There is something that bothers me deeply about young people. We’ve given birth to Generation Snowflake…
Earlier this month I shared a panel discussion at the Sunday Times Generation Next Youth Marketing Conference with the luminous Sylvester Chauke, digital native Dan Calderwood and one of my earliest interns, the super smart Arye Kellman. One of the things we all agreed on is that speaking to the youth involves listening to them and involving them in your business. And I agree. But there is something that bothers me deeply about young people. We’ve given birth to Generation Snowflake.
Generation Snowflake, according to The Spectator’s Claire Fox, is a barrage of young people who simply can’t abide by anyone challenging their world view. In short, a combination of me-centric reality TV that suggests overnight stardom born out of ‘talent’ and the advent of helicopter parenting and anti-bullying campaigns has created a bunch of people that are offended by everything.
Now, of course, there is a certain amount of monitoring that has to happen to ensure that people aren’t targeted and victimised, but it worries me that the real world doesn’t abide by a neat set of rules. The world is a complicated place and quite literally is not black and white but mostly grey. Achieving your dreams involves a lot of hard work over a lot of time to achieve something of value. An overnight success takes 10 years and it’s only great TV editing that makes it look different. Let me offer some examples:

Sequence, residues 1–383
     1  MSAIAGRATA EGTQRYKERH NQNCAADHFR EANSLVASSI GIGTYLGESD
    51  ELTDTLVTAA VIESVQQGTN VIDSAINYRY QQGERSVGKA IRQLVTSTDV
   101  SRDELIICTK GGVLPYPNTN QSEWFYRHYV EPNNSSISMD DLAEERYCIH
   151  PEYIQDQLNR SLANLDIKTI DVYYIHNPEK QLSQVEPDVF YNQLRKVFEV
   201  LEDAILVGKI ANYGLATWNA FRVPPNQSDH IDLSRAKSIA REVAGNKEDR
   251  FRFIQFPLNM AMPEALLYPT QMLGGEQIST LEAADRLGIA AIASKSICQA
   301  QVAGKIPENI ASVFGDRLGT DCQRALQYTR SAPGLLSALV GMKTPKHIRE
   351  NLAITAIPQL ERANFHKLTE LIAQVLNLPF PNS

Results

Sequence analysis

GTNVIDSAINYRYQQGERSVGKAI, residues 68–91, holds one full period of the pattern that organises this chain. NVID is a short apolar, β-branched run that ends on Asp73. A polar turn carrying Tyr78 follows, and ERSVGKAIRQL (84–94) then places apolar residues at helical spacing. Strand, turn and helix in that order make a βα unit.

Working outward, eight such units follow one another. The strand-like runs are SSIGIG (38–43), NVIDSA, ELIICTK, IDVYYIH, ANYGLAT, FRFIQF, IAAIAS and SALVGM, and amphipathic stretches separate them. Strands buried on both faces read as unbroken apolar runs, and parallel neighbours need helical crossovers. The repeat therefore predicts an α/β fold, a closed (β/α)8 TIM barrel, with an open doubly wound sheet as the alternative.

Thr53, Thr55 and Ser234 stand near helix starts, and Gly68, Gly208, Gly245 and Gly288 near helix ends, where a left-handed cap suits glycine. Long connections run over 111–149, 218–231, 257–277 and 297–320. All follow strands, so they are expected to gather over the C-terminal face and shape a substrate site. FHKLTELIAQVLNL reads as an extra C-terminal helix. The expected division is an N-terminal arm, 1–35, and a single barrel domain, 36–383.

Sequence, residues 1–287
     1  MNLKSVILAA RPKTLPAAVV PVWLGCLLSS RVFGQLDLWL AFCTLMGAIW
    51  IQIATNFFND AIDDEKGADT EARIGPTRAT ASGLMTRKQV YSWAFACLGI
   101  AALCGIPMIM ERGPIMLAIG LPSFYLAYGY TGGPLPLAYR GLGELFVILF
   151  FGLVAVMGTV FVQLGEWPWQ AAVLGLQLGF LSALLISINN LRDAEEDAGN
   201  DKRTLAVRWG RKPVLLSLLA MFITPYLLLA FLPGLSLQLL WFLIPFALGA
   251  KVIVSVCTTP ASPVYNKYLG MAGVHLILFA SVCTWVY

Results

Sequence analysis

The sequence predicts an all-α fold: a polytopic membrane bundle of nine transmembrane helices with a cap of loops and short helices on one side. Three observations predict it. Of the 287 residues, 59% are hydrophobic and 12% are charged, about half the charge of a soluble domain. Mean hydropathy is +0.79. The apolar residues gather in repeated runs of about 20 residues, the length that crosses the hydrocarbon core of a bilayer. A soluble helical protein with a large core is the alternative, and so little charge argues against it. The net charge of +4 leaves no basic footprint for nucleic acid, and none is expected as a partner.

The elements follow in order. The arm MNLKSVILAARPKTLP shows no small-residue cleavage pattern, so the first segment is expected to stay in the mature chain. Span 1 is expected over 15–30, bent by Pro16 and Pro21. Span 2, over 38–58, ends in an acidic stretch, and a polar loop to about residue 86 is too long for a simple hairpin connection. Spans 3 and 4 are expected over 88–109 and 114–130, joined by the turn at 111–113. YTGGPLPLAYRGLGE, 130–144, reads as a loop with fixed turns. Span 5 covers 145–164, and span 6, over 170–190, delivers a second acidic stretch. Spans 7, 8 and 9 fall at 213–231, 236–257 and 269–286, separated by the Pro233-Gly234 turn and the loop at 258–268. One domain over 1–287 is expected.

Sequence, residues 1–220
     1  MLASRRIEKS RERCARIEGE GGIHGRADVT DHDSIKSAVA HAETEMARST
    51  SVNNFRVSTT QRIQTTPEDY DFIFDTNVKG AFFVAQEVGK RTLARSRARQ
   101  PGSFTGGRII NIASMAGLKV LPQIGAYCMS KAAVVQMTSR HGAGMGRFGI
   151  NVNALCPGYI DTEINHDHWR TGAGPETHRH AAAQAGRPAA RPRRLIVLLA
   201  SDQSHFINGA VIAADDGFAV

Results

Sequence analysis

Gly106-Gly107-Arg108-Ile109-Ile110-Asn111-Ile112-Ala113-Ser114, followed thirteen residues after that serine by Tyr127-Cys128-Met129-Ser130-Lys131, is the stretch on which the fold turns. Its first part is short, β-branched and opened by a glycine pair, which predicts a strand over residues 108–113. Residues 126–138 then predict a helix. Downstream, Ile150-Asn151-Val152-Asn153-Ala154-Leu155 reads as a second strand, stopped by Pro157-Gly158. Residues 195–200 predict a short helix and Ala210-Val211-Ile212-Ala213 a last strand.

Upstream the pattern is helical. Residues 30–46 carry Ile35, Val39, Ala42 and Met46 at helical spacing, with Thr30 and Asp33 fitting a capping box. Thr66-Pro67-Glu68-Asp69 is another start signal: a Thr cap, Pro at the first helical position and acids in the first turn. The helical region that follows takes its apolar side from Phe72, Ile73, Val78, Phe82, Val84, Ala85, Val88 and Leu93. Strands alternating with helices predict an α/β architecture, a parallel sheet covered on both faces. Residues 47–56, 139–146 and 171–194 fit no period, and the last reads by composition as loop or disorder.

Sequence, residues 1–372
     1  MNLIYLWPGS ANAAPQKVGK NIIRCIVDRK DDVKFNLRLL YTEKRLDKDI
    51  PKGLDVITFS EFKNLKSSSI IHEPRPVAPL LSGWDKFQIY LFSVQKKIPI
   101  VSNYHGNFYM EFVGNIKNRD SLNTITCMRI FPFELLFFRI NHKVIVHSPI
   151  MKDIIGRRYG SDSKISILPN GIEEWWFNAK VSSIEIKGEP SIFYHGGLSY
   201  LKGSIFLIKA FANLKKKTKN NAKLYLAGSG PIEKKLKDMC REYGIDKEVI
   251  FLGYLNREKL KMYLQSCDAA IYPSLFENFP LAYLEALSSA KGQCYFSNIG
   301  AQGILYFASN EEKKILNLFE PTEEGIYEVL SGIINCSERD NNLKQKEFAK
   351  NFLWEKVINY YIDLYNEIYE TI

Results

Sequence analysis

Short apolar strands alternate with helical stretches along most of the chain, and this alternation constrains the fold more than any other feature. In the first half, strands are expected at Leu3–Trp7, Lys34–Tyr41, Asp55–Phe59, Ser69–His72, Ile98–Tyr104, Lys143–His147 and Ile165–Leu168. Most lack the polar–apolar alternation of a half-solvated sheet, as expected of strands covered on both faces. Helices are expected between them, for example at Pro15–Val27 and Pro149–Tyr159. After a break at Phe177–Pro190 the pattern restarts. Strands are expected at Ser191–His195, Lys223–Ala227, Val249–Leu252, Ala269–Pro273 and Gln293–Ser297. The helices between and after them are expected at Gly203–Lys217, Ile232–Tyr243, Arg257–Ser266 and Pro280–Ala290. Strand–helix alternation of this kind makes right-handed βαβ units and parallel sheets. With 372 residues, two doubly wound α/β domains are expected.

- 5FM’s Rob Forbes spent nine years as an unpaid presenter on Tuks FM before he got his shot at 5FM to host a daytime show. He woke up at 5am to deliver breakfast radio for five years for free.
- 5FM’s DJ Fresh and Euphonik have been attending the Miami Music Conference for eight years; 2016 is the first year that they played on stage at Ultra in Miami.
- South African DJ and music producer Black Coffee was the only South African artist to perform at international music festival Coachella this year. He is 40-years-old.
These are tangible stories about hard work paying off. You can’t cheat experience. The number of knocks these people endured to achieve success cannot be counted. But they withstood pressure, lack of support, disappointment and loss of opportunities to triumph in their ambitions. They had to toughen up. They didn’t cry out when they got punched, they stood up again and fought forward. The hard knocks shouldn’t be avoided; they are valuable ways to learn and to stay consistent.
But before I start sounding like an American army movie (“pain is your friend, it lets you know you’re not dead yet”), I want to offer three things young people can do to embrace the school of hard knocks.
Three things Snowflakes can do to avoid melting under real world pressure:
1. Listen, don’t defend
Listening is not the same as being quiet while waiting for your turn to speak. Listening is actively engaged and absorbing the meaning put across by someone else. If someone is saying something that doesn’t agree with your point of view, engage with it, don’t put up your shields and write them off.
2. Get to the bottom of your feelings
We all get upset about things. We are all trying to make our way in the world. When something upsets you instead of reacting, try to understand why it’s upsetting you. You might find that you aren’t really sure, you are simply reacting. Instead of expending emotional energy on getting angry, spend it on understanding WHY you feel upset.
3. It’s not about you
Thanks to social media and the ‘you’re worth it’ approach to marketing, a lot of us think that work is about what you are capable of. Truthfully it’s about what you can do to add to the objectives of the business. It’s not about you, it’s about the collective and its goals. If you can find a way of benefiting from the value you add to the company then you’ve achieved that golden state of job satisfaction.
Image: DJ Fresh / Facebook
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